For years, simply any film based on a comic book property was put into the superhero genre and adhered to some pretty trite clichés. Every movie had to feature some A-List actor portraying some bland, surface-level character with vague motivation and “flaws” (Of course, never flawed enough so the audience would not enjoy them or question them). They all had to have some over-the-top third act battle between the hero and a CGI villain or hordes of nameless drones swarming them. This dullness and repetition of tropes caused renowned director Stephen Spielberg to state in an interview with The Associated Press that “there will be a time that the superhero movie goes the way of the Western.”
Marvel’s Avenger’s: Infinity War is the culmination of over a decade of character development, high-concept storytelling, and Stan Lee cameos. However, if the film is not worth watching then what’s the point? That’s what I am here to answer today. I’m going to be breaking down my thoughts on the movie as well as some fun Easter eggs I spotted throughout the movie.
As the tradition goes, every year on Feb. 2, a groundhog comes out of his den to tell the world whether there will be six more weeks of winter or an early spring. This day of wonder is known as Groundhog Day, and if you were wondering how meteorologists predict the weather, this is not it. Keep Reading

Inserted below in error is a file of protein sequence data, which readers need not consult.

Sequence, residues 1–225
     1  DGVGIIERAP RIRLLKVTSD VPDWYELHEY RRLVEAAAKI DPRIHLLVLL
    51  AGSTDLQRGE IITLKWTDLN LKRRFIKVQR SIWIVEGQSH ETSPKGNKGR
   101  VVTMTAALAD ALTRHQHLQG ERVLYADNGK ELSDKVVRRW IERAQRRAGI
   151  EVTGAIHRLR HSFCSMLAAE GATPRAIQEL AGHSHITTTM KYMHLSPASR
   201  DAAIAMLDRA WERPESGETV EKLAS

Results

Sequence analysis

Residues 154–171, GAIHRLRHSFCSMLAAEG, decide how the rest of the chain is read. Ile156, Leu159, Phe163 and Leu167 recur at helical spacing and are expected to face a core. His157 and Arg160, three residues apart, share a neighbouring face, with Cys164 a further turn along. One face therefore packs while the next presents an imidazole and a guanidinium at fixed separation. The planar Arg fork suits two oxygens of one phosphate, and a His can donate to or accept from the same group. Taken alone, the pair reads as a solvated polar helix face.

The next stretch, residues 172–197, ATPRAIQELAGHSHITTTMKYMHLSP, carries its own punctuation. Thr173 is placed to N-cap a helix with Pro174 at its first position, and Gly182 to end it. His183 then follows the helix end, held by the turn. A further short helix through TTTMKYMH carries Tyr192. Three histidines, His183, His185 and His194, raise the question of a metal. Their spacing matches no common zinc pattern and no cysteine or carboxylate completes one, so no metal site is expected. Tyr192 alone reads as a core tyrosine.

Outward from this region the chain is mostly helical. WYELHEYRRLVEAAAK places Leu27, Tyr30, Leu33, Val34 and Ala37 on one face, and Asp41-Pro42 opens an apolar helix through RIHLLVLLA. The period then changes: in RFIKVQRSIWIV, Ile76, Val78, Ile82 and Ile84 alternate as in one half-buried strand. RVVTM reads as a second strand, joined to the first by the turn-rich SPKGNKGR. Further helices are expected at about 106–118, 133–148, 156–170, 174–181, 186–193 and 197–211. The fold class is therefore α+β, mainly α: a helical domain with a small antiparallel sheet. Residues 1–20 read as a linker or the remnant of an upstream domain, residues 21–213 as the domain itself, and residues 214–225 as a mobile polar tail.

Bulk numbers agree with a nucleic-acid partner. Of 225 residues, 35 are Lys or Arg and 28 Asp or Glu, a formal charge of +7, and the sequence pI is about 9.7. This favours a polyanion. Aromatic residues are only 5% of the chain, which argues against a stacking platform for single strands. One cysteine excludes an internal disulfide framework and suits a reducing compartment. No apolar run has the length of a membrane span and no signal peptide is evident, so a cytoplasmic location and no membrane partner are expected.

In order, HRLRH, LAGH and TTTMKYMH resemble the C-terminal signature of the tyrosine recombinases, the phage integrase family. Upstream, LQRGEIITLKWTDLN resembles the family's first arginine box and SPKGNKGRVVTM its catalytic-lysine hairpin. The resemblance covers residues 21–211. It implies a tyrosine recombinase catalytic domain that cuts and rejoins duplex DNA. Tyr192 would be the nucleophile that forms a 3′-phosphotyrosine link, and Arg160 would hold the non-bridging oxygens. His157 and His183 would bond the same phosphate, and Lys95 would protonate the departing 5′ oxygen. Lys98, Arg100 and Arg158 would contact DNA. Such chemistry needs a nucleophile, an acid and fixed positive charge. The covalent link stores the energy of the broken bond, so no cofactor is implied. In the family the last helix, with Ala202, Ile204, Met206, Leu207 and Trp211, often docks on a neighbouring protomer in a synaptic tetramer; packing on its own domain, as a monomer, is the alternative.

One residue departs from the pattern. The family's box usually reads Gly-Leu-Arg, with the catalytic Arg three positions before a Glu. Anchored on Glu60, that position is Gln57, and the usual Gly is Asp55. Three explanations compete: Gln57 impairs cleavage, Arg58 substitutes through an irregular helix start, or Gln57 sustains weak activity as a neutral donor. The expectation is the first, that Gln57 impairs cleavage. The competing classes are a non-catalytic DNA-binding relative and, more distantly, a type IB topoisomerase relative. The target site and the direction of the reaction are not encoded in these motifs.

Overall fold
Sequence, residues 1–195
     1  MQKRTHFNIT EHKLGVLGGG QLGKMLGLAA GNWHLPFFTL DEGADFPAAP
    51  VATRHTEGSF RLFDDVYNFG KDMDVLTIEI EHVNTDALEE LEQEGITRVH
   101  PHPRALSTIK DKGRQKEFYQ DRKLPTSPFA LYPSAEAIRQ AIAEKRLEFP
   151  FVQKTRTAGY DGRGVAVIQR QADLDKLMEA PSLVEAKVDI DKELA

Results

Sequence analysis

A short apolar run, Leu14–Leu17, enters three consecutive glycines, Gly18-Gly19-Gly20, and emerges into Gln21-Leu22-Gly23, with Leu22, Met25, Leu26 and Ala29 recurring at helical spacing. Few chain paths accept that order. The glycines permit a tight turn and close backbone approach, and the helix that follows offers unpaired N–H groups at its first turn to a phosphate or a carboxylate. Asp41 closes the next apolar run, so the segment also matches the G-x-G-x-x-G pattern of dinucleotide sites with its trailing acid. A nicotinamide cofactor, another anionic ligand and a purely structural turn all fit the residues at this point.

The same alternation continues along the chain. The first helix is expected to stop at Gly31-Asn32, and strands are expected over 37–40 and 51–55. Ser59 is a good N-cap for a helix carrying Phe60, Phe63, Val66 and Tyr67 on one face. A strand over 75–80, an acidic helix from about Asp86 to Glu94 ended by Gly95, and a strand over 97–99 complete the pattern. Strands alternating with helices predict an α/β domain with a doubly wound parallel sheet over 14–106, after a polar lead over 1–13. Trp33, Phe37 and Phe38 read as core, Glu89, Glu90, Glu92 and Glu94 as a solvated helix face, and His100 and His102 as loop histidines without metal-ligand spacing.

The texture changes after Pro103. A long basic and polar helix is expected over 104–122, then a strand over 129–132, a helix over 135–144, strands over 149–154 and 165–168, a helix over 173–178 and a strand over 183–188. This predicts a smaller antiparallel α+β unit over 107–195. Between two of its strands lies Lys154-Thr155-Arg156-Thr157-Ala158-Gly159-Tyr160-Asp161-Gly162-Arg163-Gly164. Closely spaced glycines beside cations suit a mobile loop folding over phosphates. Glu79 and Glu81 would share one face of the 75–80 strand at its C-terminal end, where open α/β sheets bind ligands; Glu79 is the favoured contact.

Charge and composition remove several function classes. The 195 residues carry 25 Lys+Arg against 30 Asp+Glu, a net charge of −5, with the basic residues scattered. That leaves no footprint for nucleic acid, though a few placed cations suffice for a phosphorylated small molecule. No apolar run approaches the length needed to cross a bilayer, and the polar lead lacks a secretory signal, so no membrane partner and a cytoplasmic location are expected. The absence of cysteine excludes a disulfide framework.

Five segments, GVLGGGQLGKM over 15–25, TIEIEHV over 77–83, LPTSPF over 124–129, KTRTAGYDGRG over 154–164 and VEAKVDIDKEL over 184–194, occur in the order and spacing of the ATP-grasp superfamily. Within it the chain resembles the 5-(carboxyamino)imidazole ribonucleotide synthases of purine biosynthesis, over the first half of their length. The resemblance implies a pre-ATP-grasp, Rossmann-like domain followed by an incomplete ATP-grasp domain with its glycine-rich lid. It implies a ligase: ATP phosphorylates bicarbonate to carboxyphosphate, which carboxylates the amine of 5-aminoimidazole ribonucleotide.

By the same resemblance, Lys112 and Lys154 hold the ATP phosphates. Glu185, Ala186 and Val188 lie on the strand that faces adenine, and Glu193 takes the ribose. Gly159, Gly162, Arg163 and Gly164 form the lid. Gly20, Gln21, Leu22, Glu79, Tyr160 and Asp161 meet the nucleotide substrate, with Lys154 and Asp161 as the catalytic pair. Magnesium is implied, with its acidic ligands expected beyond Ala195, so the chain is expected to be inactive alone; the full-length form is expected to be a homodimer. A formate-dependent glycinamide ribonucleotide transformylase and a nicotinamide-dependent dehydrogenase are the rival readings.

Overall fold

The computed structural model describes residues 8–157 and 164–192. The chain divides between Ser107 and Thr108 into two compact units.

Over the last decade, the world has seen the entertainment industry radically depart from the exclusive, elitist industry it once was. The increasing popularity and ubiquitousness of the Internet has completely changed the way users consume media. Today, there are so many different options available to anyone, either for free or for a low price, with the only stipulations being that an Internet connection is required and that you might have to sit through a few ads.
2017 was an arduous year for the United States. Deemed the deadliest year for mass shootings in U.S. history, the country finished the year with around 307 mass shootings. Police killed 1,147 people, and there was a substantial number of bombings in public places. England and France also made notable headlines in the U.S. However, 11.5 percent of Syria’s population has been killed or injured since 2011, proving that is it much rarer to see news like that make headlines in first-world countries.